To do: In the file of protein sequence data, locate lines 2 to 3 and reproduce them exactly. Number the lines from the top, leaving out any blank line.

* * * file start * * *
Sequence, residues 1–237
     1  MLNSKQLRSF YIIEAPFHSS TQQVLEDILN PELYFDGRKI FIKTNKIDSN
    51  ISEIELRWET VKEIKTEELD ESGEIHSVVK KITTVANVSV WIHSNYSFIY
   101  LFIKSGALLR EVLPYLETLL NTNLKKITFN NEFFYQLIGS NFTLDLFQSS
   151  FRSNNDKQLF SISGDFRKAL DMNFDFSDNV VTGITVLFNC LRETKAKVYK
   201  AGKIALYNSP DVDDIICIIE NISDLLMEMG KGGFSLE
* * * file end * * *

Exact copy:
     1  MLNSKQLRSF YIIEAPFHSS TQQVLEDILN PELYFDGRKI FIKTNKIDSN
    51  ISEIELRWET VKEIKTEELD ESGEIHSVVK KITTVANVSV WIHSNYSFIY